Seeing Bryan go, I wish I could be back in those sad, scary, early days of New York. Of free-falling. I miss those days. With my goodbye, I felt so frustrated with myself that I’d spent so much time wasted instead of just wasting time together. I’ve lived life with this idea that I wanted to get over one hump to start living. I would start living life once some event happened. Once some goal was accomplished. Once some wound was healed. But it’s all just life. It’s all here to be lived. When life gets dark and daunting, it’s still life. It’s not some distraction until the real life begins. It’s just life. And it’s gonna pass and it won’t be there anymore. There will be a day where time becomes limited for me. When a doctor gives me a bad diagnosis. When old age creeps in. When bad luck strikes. I don’t want that to be the time I start living. The time I start holding my friends close and putting my phone down. The time I start bathing in the comfort of love and friendship. I want that now. I want to be anxious and worried and unsure and to sit in it and appreciate it. To find the happiness in a sad day. To appreciate the laugh in a fit of anxiety. Because it’s all life. Life isn’t just the good stuff. In fact, saying goodbye to Bryan, I mostly remembered the bad stuff. The gritty, teary, trembly stuff. The stuff that I couldn’t wait to leave behind. The stuff that I wished would go away. That’s the stuff I remember. When I think of this past year with dad, I don’t think of the fun trip we took to Florida. I think of him being paralyzed on the back porch and taking 7 of his 30 words of the day to make me laugh. I think of taking out the trash with my brother after a particularly bad hospital day and it feeling like Disney World. I think of Bryan watching me bomb at an early open mic and laughing about how silent a packed room could be. The bad moments are still moments. The hard parts of life are still life. Wasted time is still time. I wanna be present for all the moments, live all of life and enjoy the wasted moments. I don’t wanna keep waiting to do that until I have to say goodbye.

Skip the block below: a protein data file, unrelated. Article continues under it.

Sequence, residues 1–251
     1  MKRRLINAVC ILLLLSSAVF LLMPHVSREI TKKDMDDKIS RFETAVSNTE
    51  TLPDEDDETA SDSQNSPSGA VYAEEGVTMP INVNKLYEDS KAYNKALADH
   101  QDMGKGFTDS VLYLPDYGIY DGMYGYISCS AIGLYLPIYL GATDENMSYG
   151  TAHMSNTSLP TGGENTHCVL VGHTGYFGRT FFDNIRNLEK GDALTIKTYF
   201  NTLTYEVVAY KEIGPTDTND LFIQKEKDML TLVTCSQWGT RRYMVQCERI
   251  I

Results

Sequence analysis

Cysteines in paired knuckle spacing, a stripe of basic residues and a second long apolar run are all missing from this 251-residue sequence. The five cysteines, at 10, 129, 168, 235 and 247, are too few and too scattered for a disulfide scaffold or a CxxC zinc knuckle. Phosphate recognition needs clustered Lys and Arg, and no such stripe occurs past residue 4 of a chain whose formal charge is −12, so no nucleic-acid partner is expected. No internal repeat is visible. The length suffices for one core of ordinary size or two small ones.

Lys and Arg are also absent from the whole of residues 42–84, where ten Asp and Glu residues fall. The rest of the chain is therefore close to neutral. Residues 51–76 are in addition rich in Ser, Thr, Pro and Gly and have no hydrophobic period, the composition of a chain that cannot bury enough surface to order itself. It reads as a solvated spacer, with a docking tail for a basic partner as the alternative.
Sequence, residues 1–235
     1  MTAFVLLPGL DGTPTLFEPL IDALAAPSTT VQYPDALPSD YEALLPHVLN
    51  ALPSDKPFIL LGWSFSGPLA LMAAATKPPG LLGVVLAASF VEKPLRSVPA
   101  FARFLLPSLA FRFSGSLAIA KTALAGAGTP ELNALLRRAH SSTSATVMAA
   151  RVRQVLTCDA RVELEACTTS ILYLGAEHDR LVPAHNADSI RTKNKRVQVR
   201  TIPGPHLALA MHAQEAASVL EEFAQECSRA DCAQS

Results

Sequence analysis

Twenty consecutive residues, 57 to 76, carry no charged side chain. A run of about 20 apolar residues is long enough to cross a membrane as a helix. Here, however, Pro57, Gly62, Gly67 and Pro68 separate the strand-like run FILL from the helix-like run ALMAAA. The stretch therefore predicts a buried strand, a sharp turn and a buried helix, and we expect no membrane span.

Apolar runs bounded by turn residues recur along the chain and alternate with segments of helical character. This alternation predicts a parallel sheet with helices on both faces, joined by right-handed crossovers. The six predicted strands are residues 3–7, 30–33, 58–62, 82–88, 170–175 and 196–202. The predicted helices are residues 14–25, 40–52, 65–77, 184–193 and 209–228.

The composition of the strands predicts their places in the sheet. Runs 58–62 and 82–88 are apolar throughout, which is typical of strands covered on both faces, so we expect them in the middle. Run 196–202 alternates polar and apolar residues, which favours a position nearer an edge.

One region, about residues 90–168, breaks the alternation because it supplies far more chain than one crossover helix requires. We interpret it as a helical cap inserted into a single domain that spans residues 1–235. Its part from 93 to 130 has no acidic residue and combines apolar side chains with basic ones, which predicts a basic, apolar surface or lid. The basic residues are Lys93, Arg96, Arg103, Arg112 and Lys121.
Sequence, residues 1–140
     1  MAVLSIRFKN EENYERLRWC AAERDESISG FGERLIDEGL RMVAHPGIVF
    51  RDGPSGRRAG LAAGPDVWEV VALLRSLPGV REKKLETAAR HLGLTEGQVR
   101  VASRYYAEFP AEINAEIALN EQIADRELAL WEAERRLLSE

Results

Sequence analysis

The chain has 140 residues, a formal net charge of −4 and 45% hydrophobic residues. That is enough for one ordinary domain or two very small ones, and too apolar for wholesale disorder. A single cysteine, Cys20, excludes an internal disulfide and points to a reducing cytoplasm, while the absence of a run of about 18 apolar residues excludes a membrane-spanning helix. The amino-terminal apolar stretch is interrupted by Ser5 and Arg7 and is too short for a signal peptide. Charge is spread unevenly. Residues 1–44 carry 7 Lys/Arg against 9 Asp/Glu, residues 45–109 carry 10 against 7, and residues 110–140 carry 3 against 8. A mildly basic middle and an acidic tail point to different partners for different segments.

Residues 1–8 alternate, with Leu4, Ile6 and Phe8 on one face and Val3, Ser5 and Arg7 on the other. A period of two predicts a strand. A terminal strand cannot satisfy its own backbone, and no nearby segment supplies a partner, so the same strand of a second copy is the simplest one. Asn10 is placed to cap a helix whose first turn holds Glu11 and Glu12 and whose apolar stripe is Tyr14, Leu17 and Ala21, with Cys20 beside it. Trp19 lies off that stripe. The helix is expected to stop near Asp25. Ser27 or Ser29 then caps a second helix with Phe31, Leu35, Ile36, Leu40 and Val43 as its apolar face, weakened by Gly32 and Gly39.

Alyssa Limperis is 25 years old and moved to NYC after college to pursue stand up comedy. She can be found online at


Join founder Jen Pastiloff for a weekend retreat at Kripalu Center in Western Massachusetts Feb 19-21, 2016. Get ready to connect to your joy, manifest the life of your dreams, and tell the truth about who you are. This program is an excavation of the self, a deep and fun journey into questions such as: If I wasn’t afraid, what would I do? Who would I be if no one told me who I was? Jennifer Pastiloff, creator of Manifestation Yoga and author of the forthcoming Girl Power: You Are Enough, invites you beyond your comfort zone to explore what it means to be creative, human, and free—through writing, asana, and maybe a dance party or two! Jennifer’s focus is less on yoga postures and more on diving into life in all its unpredictable, messy beauty. Note Bring a journal, an open heart, and a sense of humor. Click the photo to sign up.

Join Jen Pastiloff at her Manifestation Workshop: On Being Human in Dallas Oct 22. Click the link above to book. No yoga experience needed- just be a human being! Bring a journal and a sense of humor. See why People Magazine did a whole feature on Jen.


Check out Jen Pastiloff in People Magazine!

Check out Jen in People Magazine!